HERspective Part 1 – What’s Wrong With This Picture?

Mary-Eve-Sr-Grace-Remington-OCSOThis picture is titled “Mary and Eve.” It’s a crayon and pencil drawing created by Sr. Grace Remington, OCSO, of the Cistercian Sisters of the Mississippi Abbey. I often see it shared around Christmas time. The image portrays Eve holding the fruit, the shame of her sin clearly seen on her face, while the serpent is wrapped around her ankle. Lifting up her head is Mary, carrying the Messiah inside her womb, while crushing the head of the serpent. This piece of art is stunning, and the message rings loud and clear.

However, every time I see it, I can’t help but notice that something very important is missing. Did you spot it as well?

 

Where is Adam?

 

One little line from Genesis 3:6 is often overlooked, but it is extremely important. 

When the woman saw that the fruit of the tree was good for food and pleasing to the eye, and also desirable for gaining wisdom, she took some and ate it. She also gave some to her husband, who was with her, and he ate it.

Did you catch that? The whole time the serpent was talking to Eve, Adam was present, and did nothing. Yet, the message that has often been proclaimed is that “this is all Eve’s fault.” One only has to look at a long history of Jewish and Christian interpretation to see this is the case. And of course, when Adam and Eve get busted, what is the first thing out of Adam’s mouth?

Genesis 3:12 – “The woman you put here with me—she gave me some fruit from the tree, and I ate it.”

So let me get this straight… The man stands passively aside and does nothing while the serpent speaks to Eve. He takes no ownership whatsoever, completely throws Eve under the bus, and then he lets her take the full blame for thousands of years?

giphy

 Unfortunately, this way of acting (or better said, NOT acting) continued. I could point to many examples, but an obvious one would be the story of the woman caught in adultery in John 8. In this story, the Pharisees and Teachers of the Law drag a woman out in front of Jesus and say “this woman was caught in the act of adultery. The law of Moses says to stone her. What do you say?”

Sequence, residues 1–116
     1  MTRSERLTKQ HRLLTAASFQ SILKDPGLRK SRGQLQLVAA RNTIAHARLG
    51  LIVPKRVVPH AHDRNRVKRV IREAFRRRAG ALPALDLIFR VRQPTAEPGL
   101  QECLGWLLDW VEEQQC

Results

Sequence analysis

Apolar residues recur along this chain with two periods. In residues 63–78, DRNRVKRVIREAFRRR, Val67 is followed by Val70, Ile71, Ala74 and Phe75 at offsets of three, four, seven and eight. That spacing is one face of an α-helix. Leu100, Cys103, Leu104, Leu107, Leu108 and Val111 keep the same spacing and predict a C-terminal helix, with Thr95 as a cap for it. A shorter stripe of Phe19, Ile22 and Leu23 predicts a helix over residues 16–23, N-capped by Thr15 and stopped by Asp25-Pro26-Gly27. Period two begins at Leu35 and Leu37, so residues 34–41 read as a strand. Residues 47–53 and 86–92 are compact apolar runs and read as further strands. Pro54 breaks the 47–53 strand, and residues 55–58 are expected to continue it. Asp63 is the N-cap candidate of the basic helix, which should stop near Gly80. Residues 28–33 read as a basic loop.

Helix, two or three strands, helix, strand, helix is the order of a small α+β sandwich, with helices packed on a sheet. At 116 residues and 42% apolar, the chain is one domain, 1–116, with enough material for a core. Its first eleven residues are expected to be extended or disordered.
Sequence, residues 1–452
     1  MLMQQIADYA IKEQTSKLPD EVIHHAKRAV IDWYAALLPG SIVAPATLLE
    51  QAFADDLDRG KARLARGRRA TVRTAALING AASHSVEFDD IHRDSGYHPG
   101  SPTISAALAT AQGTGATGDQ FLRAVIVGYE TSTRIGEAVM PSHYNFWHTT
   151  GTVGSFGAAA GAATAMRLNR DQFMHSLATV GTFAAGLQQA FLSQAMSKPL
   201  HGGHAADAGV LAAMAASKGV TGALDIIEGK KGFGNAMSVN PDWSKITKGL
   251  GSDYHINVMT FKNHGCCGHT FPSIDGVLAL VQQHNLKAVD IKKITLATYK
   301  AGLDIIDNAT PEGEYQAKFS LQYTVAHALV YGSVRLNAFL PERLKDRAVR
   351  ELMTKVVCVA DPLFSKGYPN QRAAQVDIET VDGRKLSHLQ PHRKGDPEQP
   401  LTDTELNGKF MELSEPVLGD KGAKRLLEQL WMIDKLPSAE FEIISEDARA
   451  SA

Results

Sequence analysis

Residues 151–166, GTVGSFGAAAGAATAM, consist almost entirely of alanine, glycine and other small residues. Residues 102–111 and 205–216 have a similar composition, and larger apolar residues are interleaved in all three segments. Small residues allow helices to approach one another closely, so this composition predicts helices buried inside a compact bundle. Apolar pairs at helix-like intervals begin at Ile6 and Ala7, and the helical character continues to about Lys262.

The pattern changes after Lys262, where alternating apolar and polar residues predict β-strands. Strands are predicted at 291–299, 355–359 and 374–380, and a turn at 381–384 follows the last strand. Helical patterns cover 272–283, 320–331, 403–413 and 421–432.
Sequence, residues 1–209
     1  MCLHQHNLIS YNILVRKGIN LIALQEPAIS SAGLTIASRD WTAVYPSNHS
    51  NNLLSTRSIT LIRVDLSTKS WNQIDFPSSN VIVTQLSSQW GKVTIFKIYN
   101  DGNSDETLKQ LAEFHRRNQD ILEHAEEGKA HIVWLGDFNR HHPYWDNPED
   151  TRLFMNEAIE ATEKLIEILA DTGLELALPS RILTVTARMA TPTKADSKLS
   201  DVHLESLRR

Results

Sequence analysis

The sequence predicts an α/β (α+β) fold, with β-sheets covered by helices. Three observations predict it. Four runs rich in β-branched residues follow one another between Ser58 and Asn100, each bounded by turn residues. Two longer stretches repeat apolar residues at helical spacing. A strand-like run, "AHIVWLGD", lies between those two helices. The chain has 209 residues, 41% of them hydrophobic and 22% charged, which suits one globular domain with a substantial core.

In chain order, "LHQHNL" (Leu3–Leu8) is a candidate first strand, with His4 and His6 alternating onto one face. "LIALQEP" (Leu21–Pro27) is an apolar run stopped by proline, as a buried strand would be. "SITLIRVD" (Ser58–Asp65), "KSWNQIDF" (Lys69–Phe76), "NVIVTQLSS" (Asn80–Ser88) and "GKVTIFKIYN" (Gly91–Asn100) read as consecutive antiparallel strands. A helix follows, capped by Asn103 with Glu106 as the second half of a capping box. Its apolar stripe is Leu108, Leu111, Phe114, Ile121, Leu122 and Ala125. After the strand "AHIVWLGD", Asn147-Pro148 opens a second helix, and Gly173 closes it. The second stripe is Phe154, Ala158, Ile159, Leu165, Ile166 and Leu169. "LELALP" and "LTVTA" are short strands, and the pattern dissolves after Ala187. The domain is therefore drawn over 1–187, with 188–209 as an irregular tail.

Now, correct me if I’m wrong, but doesn’t adultery take two people to commit? And if this woman was caught mid-act, wouldn’t the man have had to be present? Yet, only the woman gets dragged out. Only the woman is blamed. Sound familiar?

Now back to Eve. Nevermind that Paul, in Romans 5, places the sin completely on Adam, Eve still gets the reputation as the one who ruined it for all of us, even in the painting above. This view has drastically impacted the ways in which the Church, and men in general, view women. 

I love this painting. I think the message is life changing. I just wish it showed the whole picture. Maybe someone who is much better at drawing than I am can take a crack at it.

So why a series on women? When it comes to women in the Bible, I mostly see people do one of two things happen. Either they completely ignore the women in Scripture, or they make them the antagonist of every story. I think it’s time to reclaim the ways in which the Bible speaks to females. You might call it a “HERspective”.

 

Next week, we’ll talk about Drama and Trauma

 

HERspective Part 2 – The Drama and Trauma (Sarah)

sarai.hagar_

 

There are wounds that never show on the body that are deeper and more hurtful than anything that bleeds” – Laurell K. Hamilton

(Sarai and Hagar – painted by Cody F. Miller)

Read Part 1 here

 

When I ask women their common struggles, one word seems to come up all the time: Drama. I’ve been told that it’s impossible to have a group of girlfriends without also having drama. Maybe that’s true, maybe it isn’t.